Implantable Optogenetics Device Powered Wirelessly
STANFORD, Calif. — Combining optogenetics and wireless energy transfer technology, a new device is said to be the first fully implantable platform for optical neural stimulation.
The device dramatically expands the scope of optogenetics research to include experiments involving mice in enclosed spaces or interacting freely with other animals, according to researchers at Stanford University.
"This is a new way of delivering wireless power for optogenetics," said professor Ada Poon. "It's much smaller, and the mouse can move around during an experiment … I think other labs will be able to adapt this for their work."
Traditionally, optogenetics has required a fiber optic cable attached to a mouse's head to deliver light and control nerves. With this somewhat restrictive headgear, mice can move freely in an open cage but can't navigate an enclosed space or burrow into a pile of sleeping cage-mates the way an unencumbered mouse could.
Also, before an experiment, a scientist has to handle the mouse to attach the cable, stressing the mouse and possibly altering the outcome of the experiment.
These restrictions limit what can be learned through optogenetics, which involves genetically altered light-sensitive proteins that can alter and control neural functions.
The approach has been used to investigate a range of scientific questions including how to relieve tremors in Parkinson's disease, the function of neurons that convey pain and possible treatments for stroke. However, addressing issues with a social component like depression or anxiety, or that involve mazes and other types of complex movement, is more challenging when the mouse is tethered.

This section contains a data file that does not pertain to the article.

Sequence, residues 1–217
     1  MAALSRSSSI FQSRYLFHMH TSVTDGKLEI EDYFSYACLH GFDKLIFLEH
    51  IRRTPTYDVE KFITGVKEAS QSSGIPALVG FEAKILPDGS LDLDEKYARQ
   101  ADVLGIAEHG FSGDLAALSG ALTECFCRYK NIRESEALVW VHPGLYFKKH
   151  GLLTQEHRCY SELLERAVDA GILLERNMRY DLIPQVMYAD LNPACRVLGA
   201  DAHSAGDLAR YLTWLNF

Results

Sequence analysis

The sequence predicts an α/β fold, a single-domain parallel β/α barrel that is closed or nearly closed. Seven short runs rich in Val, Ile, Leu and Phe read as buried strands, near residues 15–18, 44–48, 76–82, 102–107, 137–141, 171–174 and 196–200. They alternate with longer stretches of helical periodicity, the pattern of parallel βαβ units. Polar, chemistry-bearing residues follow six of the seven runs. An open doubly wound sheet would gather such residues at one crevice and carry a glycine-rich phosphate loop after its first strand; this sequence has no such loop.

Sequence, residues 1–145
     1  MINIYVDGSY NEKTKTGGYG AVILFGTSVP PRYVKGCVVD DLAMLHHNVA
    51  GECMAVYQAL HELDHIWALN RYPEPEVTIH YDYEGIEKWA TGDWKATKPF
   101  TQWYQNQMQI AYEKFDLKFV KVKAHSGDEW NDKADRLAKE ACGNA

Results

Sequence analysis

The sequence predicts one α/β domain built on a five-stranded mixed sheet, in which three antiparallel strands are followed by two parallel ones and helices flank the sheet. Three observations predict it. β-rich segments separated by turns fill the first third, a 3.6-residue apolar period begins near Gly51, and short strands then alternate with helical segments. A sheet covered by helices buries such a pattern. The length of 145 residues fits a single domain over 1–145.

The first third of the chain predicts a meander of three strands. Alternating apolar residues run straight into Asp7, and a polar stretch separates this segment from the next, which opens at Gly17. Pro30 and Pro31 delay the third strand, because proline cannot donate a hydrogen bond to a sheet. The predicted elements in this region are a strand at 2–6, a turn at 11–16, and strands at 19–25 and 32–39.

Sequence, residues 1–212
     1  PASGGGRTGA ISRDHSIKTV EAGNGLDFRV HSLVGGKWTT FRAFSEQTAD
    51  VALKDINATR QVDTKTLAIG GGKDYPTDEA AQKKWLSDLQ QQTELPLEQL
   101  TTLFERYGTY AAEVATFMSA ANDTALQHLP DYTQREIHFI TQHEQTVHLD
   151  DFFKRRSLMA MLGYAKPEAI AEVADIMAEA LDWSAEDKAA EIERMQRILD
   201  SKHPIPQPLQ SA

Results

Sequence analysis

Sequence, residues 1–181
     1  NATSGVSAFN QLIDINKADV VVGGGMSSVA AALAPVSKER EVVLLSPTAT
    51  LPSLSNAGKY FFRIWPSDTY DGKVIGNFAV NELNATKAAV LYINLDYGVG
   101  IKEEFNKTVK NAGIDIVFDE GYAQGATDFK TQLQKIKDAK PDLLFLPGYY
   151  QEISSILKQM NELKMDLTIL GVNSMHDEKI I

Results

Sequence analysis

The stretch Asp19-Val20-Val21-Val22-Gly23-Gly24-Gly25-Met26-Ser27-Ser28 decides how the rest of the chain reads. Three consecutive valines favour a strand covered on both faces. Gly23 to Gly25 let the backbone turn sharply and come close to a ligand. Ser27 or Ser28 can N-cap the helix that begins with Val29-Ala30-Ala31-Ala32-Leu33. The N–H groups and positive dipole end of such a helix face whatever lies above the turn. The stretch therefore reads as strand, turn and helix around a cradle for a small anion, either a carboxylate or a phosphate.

Wireless energy transmission could allow researchers to cut these tethers. In recent experiments, the Stanford team used a novel, 16-cm-wide stage emitting radio-frequency (RF) energy to power an optogenetic device implanted in a mouse's leg.
The RF signal is tuned to a frequency that resonates in mouse bodies but it is effectively trapped inside the cavity by a grid with subwavelength holes. When a mouse is placed on top of the grid, however, its body becomes a conduit for the energy, transmitting it to a 2-mm coil inside the implanted device.
Wherever the mouse moves, its body comes in contact with the energy, drawing it in and powering the device. Elsewhere, the energy stays contained. In this way, the mouse becomes its own localizing device for power delivery.
The work was published in Physical Review Applied (doi: 10.1103/PhysRevApplied.4.024001) and Nature Methods (doi: 10.1038/nmeth.3536).
For more information, visit www.stanford.edu.
- A discipline that combines optics and genetics to enable the use of light to stimulate and control cells in living tissue, typically neurons, which have been genetically modified to respond to light. Only the cells that have been modified to include light-sensitive proteins will be under control of the light. The ability to selectively target cells gives researchers precise control.
Using light to control the excitation, inhibition and signaling pathways of specific cells or groups of cells...
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